Evidence Case Study: Marks and Spencer (2)

Evidence Case Study: Marks and Spencer (2)

 The following case study was provided as part of the evidence for the effectiveness of employee engagement strategies in improving performance, productivity and, in the private sector profitability.  It has been used cumulatively with other submissions compiled by many leading companies and organisations to leave little room for doubt about the statistical importance of engaging employees.

This particular case study is an additional support to The Evidence Paper

 

Employee Engagement Background

Marks and Spencer Group plc, through its subsidiaries, engages in retailing clothing, food, and home products, employing over 78,000 people in the UK and abroad. M&S has over 700 UK stores plus an expanding international business.

Marks & Spencer complete an annual employee engagement survey Your Say, which aims to capture employee views on the Company, their Job and their Manager. Each business area/store receives three scores following the survey: manager scores, a positivity score and an engagement score.

Employee Engagement Results:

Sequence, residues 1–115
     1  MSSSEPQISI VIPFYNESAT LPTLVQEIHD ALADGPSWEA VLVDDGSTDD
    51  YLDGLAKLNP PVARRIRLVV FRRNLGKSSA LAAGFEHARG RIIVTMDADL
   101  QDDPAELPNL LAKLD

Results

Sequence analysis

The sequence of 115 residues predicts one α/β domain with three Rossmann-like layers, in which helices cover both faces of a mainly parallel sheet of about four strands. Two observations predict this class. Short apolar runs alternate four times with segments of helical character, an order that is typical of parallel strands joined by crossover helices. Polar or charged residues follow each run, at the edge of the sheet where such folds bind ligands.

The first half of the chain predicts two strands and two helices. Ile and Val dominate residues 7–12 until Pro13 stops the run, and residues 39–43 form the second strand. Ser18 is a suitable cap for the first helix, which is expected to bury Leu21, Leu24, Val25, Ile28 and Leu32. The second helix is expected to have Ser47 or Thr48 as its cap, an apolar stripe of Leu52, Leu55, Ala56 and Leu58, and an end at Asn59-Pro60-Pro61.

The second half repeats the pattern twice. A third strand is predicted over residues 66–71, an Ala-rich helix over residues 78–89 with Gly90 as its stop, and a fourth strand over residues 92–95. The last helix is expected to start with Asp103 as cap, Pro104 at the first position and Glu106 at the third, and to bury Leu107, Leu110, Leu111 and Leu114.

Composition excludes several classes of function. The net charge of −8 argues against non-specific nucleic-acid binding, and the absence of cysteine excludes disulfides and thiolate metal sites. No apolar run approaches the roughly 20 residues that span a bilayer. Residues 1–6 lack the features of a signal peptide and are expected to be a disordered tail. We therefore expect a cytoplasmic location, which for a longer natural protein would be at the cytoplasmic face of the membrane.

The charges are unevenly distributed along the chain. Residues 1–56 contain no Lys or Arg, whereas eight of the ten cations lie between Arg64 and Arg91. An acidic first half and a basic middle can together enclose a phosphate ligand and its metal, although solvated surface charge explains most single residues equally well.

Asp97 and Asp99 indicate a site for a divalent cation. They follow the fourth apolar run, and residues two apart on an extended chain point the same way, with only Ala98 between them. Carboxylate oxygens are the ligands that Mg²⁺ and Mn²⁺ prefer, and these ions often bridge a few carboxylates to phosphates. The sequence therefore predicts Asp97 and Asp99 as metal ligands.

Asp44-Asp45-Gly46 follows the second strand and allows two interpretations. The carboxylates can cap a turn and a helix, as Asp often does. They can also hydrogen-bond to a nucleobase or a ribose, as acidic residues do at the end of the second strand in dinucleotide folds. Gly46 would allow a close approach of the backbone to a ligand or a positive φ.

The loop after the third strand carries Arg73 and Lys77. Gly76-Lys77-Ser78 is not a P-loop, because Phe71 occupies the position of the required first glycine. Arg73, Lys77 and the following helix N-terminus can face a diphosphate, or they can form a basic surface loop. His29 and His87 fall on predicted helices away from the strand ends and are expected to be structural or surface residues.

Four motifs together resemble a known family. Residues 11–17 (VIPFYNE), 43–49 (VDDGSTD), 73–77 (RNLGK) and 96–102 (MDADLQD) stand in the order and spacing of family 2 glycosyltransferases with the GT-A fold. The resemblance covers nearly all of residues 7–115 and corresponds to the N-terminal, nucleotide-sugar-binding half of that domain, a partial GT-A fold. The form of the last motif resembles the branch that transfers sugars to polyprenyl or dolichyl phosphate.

During the first six months of 2012, in conjunction with Stillae Ltd, Marks & Spencer have completed analysis of their Your Say data from the previous four years.

They identified that employee engagement has a direct link to Sales performance of stores, as well as non-financial KPIs including their Mystery Shop score (customer satisfaction) and employee absence.

The study group excluded one third of stores, which were outside of “business as usual”, in order to identify robust and reliable links (stores were filtered objectively – e.g. because of unusually large changes in sales targets).

Correlation between employee engagement and sales

The most valuable correlation demonstrated was between employee engagement and sales. Once store size was taken into account, both engagement itself and the changes in engagement from one year to the next were found to correlate to sales performance (% of target and % sales growth).

The longitudinal study demonstrated that the long-term engagement trend correlated with the long-term sales trend. Across the study group of 137 high street stores, those with an improving engagement trend over the four years, significantly outperformed the stores where engagement scores were declining (compared to respective sales targets).

They were able to put a value on the additional sales generated, which when applied across the Premier, Major & High Street Division showed that stores with improving engagement had delivered an average of £62 million more sales to the business every year, compared to stores with declining engagement.

Over the same four years, stores with higher engagement delivered better customer results, with the most engaged third of stores achieving 3% higher mystery shop scores, compared to the least engaged third.

The more engaged stores also showed better staff attendance, with absenteeism 8% lower in the most engaged third of store.

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